If Christ does not reign the Spirit does not have lordship over one’s decisions. There is no liberty. There is no fruit. The fruit a person brings forth is relative to his relationship with Christ.
SUNDAY’S COLLECTION PLATE
1 Cor. 16:1,2: Now concerning the collection for the saints, as I have given order to the churches of Galatia, even so do.
Upon the first day of the week let every one of you lay by him in store, as God has prospered him, that there be no gatherings when I come.
Some suggest the above verses indicate it was the practice of the early church to have collections every Sunday. Deeper consideration of these verses will show such was not the custom. Why tell the Corinthians to put something aside each Sunday if it was already their habit to do so? Paul wasn’t suggesting they have a weekly collection, but simply everybody lay something aside, on their own, every week. Paul wanted “no gatherings when I come.” But suppose his stay included one or more Sundays? Does this mean the people were to break custom and not have a collection on Sundays? Everything indicates there was no custom of Sunday collections.
This is not to say it is wrong to pass the collection plate every Sunday. The point is that the individual student of the Word is not obligated to contribute to every plate floating by. The above verses cannot be used to suggest otherwise.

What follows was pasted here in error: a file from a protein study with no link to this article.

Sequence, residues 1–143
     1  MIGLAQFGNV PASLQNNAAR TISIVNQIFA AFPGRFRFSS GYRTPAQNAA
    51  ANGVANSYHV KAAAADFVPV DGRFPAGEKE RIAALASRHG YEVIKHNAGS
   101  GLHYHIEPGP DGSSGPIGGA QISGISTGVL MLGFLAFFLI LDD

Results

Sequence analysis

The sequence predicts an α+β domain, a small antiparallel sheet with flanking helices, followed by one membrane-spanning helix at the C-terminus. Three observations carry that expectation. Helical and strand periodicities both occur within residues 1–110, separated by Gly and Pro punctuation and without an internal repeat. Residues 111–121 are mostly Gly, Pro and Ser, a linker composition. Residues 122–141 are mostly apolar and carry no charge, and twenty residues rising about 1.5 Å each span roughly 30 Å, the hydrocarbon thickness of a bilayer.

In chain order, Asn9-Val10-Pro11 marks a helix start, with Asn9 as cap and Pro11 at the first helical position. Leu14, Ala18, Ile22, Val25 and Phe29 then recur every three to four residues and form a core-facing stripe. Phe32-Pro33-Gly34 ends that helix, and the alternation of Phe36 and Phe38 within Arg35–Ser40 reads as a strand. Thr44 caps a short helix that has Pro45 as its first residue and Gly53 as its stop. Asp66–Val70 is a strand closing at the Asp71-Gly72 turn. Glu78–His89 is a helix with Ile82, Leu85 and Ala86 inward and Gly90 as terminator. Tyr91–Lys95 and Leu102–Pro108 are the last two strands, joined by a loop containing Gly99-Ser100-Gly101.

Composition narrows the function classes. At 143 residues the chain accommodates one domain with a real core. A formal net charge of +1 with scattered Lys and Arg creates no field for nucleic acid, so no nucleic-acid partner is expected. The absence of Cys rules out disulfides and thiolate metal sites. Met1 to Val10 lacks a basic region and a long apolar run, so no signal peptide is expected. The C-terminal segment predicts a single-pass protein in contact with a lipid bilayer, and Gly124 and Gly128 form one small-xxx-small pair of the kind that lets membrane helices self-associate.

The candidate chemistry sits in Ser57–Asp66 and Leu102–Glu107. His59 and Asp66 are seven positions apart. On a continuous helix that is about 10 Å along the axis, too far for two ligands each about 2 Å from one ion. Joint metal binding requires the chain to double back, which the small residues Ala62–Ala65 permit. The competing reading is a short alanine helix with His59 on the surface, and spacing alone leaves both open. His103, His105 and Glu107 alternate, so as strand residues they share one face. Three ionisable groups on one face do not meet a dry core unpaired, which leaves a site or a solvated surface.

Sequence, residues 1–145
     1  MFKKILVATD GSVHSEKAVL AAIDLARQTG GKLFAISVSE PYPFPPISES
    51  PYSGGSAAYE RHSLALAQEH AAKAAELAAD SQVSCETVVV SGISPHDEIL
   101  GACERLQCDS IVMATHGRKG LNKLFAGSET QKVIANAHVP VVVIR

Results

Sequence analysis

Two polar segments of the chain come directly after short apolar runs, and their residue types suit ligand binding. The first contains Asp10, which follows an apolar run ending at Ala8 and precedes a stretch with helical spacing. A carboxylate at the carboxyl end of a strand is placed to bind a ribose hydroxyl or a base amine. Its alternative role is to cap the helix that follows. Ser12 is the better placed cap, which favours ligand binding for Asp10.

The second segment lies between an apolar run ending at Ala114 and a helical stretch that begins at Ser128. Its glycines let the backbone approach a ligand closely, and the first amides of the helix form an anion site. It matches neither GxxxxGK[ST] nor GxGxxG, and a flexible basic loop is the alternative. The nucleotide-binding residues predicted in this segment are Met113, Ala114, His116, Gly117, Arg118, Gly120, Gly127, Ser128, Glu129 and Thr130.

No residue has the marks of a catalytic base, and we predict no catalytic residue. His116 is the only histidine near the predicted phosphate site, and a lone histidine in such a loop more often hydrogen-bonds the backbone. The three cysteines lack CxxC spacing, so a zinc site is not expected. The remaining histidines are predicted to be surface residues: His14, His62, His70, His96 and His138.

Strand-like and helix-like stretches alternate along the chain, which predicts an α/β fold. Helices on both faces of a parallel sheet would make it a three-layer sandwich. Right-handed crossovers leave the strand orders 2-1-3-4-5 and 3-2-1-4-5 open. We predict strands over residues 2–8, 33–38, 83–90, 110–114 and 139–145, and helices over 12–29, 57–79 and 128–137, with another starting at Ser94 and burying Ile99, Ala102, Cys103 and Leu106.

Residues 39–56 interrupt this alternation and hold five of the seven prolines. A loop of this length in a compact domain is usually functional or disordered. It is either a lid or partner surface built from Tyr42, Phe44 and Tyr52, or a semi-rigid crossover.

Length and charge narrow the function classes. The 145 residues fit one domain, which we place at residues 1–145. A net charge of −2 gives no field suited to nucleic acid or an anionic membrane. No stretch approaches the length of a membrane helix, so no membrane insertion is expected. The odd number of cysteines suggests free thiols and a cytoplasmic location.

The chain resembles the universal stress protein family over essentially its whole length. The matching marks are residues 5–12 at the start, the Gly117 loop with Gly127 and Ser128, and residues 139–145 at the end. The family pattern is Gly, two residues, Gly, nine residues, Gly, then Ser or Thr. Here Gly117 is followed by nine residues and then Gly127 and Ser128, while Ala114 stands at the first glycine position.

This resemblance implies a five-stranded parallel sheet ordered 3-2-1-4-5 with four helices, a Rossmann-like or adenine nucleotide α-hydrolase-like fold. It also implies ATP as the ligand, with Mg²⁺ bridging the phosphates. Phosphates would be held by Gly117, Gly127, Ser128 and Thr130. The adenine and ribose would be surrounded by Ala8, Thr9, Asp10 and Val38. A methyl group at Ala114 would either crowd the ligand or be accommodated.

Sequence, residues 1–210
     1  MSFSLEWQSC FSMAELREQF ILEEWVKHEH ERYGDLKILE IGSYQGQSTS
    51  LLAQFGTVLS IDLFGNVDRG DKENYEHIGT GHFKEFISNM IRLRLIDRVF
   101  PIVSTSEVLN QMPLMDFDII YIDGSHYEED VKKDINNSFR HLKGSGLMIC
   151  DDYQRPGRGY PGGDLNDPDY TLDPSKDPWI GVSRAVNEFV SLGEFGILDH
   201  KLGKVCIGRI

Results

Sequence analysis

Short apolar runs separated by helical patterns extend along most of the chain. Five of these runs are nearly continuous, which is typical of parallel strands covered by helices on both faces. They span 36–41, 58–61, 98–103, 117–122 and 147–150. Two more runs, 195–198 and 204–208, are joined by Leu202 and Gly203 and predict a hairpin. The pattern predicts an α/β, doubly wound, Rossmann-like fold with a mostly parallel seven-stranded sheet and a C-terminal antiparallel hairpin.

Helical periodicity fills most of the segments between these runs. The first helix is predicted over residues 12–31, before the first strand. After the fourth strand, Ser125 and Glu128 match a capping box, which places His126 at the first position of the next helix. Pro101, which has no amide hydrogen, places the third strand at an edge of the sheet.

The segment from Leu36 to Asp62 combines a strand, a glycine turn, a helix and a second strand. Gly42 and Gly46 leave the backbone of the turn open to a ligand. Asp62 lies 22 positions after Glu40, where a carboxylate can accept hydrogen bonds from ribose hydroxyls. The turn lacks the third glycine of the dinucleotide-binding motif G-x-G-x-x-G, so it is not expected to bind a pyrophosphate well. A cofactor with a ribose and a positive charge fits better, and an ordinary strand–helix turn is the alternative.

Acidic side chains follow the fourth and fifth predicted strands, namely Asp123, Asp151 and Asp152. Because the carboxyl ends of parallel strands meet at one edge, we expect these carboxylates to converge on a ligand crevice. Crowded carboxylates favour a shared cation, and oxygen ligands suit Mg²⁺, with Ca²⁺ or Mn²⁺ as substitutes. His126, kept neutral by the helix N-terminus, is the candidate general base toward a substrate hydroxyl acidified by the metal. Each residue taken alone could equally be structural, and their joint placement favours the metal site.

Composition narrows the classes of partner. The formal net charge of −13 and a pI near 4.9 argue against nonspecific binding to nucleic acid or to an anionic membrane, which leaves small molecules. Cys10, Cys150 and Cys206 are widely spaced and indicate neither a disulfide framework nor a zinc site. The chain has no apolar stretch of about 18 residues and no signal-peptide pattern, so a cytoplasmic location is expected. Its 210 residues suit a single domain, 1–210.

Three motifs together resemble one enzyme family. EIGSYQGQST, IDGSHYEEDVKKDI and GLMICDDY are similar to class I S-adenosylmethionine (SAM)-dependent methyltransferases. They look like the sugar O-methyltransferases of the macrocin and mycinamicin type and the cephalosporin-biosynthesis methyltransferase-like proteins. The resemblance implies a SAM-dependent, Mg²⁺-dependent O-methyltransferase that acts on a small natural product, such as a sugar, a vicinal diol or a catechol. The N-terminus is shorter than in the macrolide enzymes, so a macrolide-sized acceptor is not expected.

Often local church leadership does not encourage the individual to think and discern for oneself. “Trust us”, they say. Leadership calls for commitment to leadership rather than commitment to God.
Leadership should always encourage the believer to make his own [prayerful] decisions, to seek for himself guidance of the Spirit, and yes, to make his own mistakes. Because each is accountable for his own choices. No one should be made to feel obligated to anyone except the Lord.
It should be pointed out that it was an apostle and not a pastor who called for “the collection for the saints.” A pastor’s heart is often limited to his own congregation. His shepherd heart does not embrace the world. His pillow is not wet from tears of intercessory prayers for the lost. An apostle also has a shepherd’s heart, but he also has the heart of an evangelist. His scope is broader. This makes him more qualified to direct funds.